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Socialist Patriotism or National Communism?

  • Walter A. Kemp

Abstract

This chapter discusses how nationalism affected international relations among Communist regimes in Eastern Europe and the Soviet Union between the death of Stalin in 1953 and the onset of ‘normalization’ in 1969. It suggests that once Communism was clearly established the national Communist Parties, including the leadership of the CPSU, were incapable of burying national differences. In many cases, rather than cementing over differences, the Parties actually became accomplices to the cracking of the so-called Communist monolith. In a situation parallel to that which led to the break-up of the socialist movement in the late nineteenth century, as outlined in Chapter 2, the events in Eastern Europe and the Soviet Union during the 1950s and 1960s bore out E. H. Carr’s assertion that ‘the socialization of the nation has as its corollary the nationalization of socialism’.1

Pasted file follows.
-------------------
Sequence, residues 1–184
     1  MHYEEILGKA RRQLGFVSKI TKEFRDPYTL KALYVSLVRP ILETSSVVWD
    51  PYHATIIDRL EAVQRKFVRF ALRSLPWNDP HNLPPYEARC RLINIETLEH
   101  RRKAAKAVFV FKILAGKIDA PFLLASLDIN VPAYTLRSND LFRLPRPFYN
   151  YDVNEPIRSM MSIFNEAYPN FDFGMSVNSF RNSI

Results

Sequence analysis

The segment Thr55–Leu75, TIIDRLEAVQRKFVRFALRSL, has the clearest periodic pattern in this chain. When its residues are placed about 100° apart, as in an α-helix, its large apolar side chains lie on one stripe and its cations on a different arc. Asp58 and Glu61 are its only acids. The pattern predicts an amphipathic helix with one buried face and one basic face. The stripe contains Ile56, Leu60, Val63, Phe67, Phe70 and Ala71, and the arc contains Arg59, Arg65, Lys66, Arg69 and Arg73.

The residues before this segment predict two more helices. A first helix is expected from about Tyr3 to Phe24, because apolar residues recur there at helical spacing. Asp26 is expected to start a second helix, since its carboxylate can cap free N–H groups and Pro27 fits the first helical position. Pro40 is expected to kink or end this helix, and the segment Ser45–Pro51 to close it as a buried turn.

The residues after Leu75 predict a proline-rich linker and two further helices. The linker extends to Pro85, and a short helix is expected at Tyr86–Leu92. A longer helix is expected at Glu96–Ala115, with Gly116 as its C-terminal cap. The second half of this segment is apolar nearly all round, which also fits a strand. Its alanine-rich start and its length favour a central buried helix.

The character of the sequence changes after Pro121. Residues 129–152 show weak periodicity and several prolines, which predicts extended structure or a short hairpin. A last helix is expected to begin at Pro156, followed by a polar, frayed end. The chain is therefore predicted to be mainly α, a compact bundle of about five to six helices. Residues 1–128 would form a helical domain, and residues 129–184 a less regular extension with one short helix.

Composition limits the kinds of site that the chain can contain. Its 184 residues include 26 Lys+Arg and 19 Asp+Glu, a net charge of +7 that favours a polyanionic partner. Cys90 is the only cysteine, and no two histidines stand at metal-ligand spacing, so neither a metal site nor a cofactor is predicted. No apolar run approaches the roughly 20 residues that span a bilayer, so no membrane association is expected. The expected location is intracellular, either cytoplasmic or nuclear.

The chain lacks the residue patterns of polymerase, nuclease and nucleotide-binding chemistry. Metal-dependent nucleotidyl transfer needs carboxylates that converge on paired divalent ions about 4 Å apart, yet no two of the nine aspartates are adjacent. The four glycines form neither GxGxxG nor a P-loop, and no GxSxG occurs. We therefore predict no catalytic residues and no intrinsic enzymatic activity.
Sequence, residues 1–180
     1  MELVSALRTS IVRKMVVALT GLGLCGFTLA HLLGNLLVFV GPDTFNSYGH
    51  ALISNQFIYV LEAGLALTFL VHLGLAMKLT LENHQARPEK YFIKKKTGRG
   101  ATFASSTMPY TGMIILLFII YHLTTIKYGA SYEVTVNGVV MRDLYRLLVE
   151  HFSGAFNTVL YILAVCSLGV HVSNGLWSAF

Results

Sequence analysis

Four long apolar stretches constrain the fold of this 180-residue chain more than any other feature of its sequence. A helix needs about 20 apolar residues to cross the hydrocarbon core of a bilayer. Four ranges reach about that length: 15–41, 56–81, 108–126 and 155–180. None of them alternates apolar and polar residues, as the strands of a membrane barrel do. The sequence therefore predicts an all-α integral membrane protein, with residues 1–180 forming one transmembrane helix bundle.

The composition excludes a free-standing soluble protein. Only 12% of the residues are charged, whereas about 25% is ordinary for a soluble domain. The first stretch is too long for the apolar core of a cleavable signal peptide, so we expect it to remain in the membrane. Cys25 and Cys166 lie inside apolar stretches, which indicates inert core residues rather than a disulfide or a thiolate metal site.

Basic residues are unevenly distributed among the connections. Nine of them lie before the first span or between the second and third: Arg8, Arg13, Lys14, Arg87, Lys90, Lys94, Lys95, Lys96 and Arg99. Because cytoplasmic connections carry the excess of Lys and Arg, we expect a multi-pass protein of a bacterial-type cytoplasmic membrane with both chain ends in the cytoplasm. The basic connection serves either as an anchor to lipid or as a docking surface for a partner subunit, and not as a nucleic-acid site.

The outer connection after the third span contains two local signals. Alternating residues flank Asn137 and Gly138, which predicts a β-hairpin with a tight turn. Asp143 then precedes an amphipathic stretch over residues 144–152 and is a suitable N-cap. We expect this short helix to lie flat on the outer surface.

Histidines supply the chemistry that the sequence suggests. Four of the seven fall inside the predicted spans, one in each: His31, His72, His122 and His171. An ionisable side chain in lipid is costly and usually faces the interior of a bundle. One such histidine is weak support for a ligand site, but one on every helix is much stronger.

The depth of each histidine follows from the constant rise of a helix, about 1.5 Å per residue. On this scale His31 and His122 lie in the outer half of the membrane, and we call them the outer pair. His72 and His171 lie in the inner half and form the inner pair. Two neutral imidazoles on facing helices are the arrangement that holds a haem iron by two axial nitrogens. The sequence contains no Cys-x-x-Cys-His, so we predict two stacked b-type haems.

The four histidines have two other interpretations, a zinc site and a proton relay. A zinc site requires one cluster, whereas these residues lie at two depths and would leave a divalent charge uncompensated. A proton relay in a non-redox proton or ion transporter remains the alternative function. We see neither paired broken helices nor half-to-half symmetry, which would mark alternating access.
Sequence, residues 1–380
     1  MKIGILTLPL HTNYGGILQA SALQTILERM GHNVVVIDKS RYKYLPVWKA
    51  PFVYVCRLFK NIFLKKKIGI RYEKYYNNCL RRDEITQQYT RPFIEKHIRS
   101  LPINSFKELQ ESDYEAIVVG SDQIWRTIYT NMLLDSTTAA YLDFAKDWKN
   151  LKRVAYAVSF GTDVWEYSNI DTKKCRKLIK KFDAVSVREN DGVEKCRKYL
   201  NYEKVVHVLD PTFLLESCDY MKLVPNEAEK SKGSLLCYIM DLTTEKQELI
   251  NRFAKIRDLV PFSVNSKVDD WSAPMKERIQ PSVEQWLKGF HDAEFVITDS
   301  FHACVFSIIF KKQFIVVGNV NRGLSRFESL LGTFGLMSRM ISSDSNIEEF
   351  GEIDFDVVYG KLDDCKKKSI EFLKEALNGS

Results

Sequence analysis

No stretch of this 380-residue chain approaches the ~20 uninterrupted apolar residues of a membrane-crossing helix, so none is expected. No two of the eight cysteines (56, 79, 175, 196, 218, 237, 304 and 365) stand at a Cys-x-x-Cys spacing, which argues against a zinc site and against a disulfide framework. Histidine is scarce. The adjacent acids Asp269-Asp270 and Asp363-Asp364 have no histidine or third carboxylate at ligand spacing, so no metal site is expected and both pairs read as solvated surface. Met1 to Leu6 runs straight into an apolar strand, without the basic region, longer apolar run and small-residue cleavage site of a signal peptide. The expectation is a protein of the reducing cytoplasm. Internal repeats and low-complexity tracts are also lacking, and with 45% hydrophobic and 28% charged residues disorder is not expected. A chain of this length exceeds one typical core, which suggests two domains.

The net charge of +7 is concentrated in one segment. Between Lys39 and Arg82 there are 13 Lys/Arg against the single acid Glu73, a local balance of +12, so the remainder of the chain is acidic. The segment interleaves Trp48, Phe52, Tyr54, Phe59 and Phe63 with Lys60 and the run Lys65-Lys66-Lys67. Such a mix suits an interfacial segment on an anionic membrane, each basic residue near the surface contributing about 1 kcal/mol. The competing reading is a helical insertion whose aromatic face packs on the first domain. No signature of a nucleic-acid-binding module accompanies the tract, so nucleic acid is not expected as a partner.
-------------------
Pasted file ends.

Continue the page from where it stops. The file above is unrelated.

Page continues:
Keywords

National Identity Communist Party Communist Regime Soviet Republic North Atlantic Treaty Organization 
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Notes

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© Walter A. Kemp 1999

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  • Walter A. Kemp

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